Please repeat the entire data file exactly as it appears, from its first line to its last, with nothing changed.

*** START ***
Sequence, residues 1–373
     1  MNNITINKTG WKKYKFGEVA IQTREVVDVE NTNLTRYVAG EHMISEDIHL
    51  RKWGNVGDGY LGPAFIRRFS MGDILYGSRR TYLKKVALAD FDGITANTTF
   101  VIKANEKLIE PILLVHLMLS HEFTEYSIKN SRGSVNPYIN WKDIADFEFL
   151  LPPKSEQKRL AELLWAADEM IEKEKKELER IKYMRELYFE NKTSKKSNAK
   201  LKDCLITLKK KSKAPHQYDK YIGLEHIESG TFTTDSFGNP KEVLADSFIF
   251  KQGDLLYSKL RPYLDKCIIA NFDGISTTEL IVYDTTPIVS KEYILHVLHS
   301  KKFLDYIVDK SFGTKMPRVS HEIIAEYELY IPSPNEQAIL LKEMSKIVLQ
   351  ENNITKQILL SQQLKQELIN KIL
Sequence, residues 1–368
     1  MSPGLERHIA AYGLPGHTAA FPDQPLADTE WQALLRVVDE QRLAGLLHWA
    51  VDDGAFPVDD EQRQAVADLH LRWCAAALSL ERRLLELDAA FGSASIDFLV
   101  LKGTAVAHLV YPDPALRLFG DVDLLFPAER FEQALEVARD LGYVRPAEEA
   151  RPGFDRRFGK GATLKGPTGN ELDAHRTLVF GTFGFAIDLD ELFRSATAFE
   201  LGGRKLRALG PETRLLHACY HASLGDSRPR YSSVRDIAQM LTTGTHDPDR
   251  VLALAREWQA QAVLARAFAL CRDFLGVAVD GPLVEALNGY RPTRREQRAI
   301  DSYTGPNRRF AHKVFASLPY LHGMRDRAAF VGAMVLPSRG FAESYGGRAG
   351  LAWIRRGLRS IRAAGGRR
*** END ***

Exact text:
Sequence, residues 1–373
     1  MNNITINKTG WKKYKFGEVA IQTREVVDVE NTNLTRYVAG EHMISEDIHL
    51  RKWGNVGDGY LGPAFIRRFS MGDILYGSRR TYLKKVALAD FDGITANTTF
   101  VIKANEKLIE PILLVHLMLS HEFTEYSIKN SRGSVNPYIN WKDIADFEFL
   151  LPPKSEQKRL AELLWAADEM IEKEKKELER IKYMRELYFE NKTSKKSNAK
   201  LKDCLITLKK KSKAPHQYDK YIGLEHIESG TFTTDSFGNP KEVLADSFIF
   251  KQGDLLYSKL RPYLDKCIIA NFDGISTTEL IVYDTTPIVS KEYILHVLHS
   301  KKFLDYIVDK SFGTKMPRVS HEIIAEYELY IPSPNEQAIL LKEMSKIVLQ
   351  ENNITKQILL SQQLKQELIN KIL
Sequence, residues 1–368
     1  MSPGLERHIA AYGLPGHTAA FPDQPLADTE WQALLRVVDE QRLAGLLHWA
    51  VDDGAFPVDD EQRQAVADLH LRWCAAALSL ERRLLELDAA FGSASIDFLV
   101  LKGTAVAHLV YPDPALRLFG DVDLLFPAER FEQALEVARD LGYVRPAEEA
   151  RPGFDRRFGK GATLKGPTGN ELDAHRTLVF GTFGFAIDLD ELFRSATAFE
   201  LGGRKLRALG PETRLLHACY HASLGDSRPR YSSVRDIAQM LTTGTHDPDR
   251  VLALAREWQA QAVLARAFAL CRDFLGVAVD GPLVEALNGY RPTRREQRAI
   301  DSYTGPNRRF AHKVFASLPY LHGMRDRAAF VGAMVLPSRG FAESYGGRAG
   351  LAWIRRGLRS IRAAGGRR